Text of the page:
His two-year mission in Florida also helped feed his passion for the field. He met a former computer engineer who explained how computers worked, and when he got home that night, he wrote down everything he could remember in his missionary journal. “I started drawing circuit diagrams,” he said. “Well, now I call them circuit diagrams. Back then I didn’t know what I was doing; I was just trying to add two numbers together. I figured out how to add two numbers together in binary. I was so excited when I figured it out I ran out to my companion. He looked at me and said ‘great, now you can help me add up the numbers in the area book.’” Although he tried to temper his passion for mathematics in order to stay focused, his mission president assigned him to design a data analysis tool for the mission after learning of his knack for programming. Kunzler spent a week putting together what he described as a “poor man’s graphic user interface,” an analysis tool that combined an Microsoft Excel calculator and Powerpoint presentation that showed charts of each zone’s numbers. It so impressed his mission president that when he ran out of Spanish-speaking missionaries, he assigned Kunzler to learn Spanish with only eight months left in his mission. Said Kunzler, “I know that I received divine help. I was teaching comfortably within a month, and that doesn’t happen by chance. Don’t get me wrong; I was working my tail off, but the day I finished reading the spanish Book of Mormon, my skills tripled. My companions were shocked.”

He came back, plunged into the program, and married an opera singer and music education major with almost as much school ahead of her as he did. “Emry is just as nerdy as I am, but about music, so it works out pretty well,” he says. “We can both be nerdy independently and we don’t have to compete with each other.” All the same, Kunzler has found ways to combine their passions, saying “I discovered the ratio between frequencies of adjacent notes is (0.5)^{1/12}. I keep telling her I understand the harmonic series and how they’re all related, and she’s like ‘I don’t care.’” While she fretted over the nuanced difference in sound coming out of their electronic piano, Kunzler said, “I’m laughing because in my mind I’m like ‘well, that thing’s reproducing at 96k’; what more could you want?... The other engineers reading this will get it.”

In his personal life, he confessed Dr. Long got him started a few years ago on making puns based on electrical engineering principles that the people with whom he converses don’t understand and said “sometimes I make comparisons to something technical in church or at parties, then I find myself backtracking trying to find a better metaphor. It’s hard sometimes!” But when he spends seventy hours a week immersed in graduate research, it’s hard to blame him.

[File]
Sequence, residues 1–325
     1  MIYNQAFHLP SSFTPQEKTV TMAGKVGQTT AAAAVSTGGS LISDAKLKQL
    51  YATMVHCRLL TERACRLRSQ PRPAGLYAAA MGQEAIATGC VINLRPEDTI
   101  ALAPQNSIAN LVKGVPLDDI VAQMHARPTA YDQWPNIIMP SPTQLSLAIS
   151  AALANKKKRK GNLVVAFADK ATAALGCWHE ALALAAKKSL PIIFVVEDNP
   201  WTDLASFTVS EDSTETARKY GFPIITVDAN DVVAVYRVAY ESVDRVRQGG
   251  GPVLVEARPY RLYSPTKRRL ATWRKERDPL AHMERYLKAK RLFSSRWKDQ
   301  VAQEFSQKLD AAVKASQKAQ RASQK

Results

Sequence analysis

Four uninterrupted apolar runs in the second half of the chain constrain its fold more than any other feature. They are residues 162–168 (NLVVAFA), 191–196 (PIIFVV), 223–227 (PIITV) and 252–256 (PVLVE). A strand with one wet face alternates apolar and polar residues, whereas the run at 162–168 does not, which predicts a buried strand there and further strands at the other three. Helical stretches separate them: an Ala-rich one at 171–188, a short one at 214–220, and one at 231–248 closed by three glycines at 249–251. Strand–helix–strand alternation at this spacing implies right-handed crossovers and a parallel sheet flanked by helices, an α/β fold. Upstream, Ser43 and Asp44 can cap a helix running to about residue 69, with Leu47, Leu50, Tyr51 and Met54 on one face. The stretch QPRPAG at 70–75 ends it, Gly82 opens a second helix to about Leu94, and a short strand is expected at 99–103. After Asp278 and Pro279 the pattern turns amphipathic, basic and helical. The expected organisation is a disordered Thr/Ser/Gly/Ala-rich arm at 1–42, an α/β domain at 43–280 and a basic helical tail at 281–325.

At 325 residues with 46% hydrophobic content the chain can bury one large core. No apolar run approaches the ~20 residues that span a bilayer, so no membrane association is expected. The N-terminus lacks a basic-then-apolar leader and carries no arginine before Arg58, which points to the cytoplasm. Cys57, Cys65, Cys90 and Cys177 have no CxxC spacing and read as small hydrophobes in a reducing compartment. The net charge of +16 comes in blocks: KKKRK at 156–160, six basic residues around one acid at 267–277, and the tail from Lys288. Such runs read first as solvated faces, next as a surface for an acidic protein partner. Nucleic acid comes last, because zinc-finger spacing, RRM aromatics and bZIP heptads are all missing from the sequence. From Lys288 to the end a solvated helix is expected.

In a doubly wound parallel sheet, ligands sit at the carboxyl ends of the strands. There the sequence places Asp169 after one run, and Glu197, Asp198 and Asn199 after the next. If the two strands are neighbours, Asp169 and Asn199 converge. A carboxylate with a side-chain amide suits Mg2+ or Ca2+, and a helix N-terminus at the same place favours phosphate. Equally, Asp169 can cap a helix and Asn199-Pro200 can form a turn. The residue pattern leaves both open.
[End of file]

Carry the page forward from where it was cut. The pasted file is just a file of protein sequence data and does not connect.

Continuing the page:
He loves his work and admires his professors (like Doctors Warnick, Jeffs, Long, Nelson, and Rice), but he credits his greatest inspiration to President Russell M. Nelson of the Church of Jesus Christ of Latter-Day Saints, and said “not just as a prophet, but as a prophet and a person.” After reading both of his biographies, Kunzler developed a ton of respect for President Nelson as a speaker, leader, father and researcher. “He got super curious,” Kunzler said. “In the same way that I feel like I’m curious about engineering stuff, he got super curious about heart surgery in the days before all this research was done. I mean, he was running a laboratory in his garage.”

He described President Nelson as a mentor of sorts for him, a role that Kunzler values deeply. In fact, when Kunzler served as president of BYU’s branch of Eta Kappa Nu (the IEEE and Electrical Engineering honor society) he set up a mentoring program where he connected senior members of the society with freshmen new to the major. He said, “I find it hugely important that older students have the opportunity to come and mentor younger students, because I think about all these things that I had to figure out on my own, and then I think about all these things that people taught me and just how much further it got me when I had a mentor just to point me in the right direction.” Although the advent of pandemic precautions halted the program, he still expressed a desire to help: “If any younger student - if anybody - wants to talk, I’m willing to talk and be a mentor to them. Email me We can zoom.”

Going back to the trebuchet problem, Kunzler realized how many factors he could not control and never did solve it. The realities of random disturbances and unknown aerodynamics made accurate modeling impractical, so he never validated his measurements. “Sometimes,” he said, “you just need faith that the model works on average. I don’t think we’ll ever fully understand all the details and nuances about why things happen in life, but that doesn’t mean we should discount the existence of God’s master plan guiding it all.”